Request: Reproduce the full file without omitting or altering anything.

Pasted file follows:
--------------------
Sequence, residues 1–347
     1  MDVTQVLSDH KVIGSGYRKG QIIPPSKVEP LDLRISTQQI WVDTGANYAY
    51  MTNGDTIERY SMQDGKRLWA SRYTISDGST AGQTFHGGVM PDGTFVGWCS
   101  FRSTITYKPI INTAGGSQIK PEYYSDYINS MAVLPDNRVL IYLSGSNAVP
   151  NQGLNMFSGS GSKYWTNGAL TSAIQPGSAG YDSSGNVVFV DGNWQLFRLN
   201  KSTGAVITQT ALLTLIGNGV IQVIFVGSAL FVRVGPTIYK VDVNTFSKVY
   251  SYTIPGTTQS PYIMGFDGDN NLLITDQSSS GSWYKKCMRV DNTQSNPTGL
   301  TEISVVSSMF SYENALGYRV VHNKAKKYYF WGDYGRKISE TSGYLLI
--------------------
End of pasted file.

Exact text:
Sequence, residues 1–347
     1  MDVTQVLSDH KVIGSGYRKG QIIPPSKVEP LDLRISTQQI WVDTGANYAY
    51  MTNGDTIERY SMQDGKRLWA SRYTISDGST AGQTFHGGVM PDGTFVGWCS
   101  FRSTITYKPI INTAGGSQIK PEYYSDYINS MAVLPDNRVL IYLSGSNAVP
   151  NQGLNMFSGS GSKYWTNGAL TSAIQPGSAG YDSSGNVVFV DGNWQLFRLN
   201  KSTGAVITQT ALLTLIGNGV IQVIFVGSAL FVRVGPTIYK VDVNTFSKVY
   251  SYTIPGTTQS PYIMGFDGDN NLLITDQSSS GSWYKKCMRV DNTQSNPTGL
   301  TEISVVSSMF SYENALGYRV VHNKAKKYYF WGDYGRKISE TSGYLLI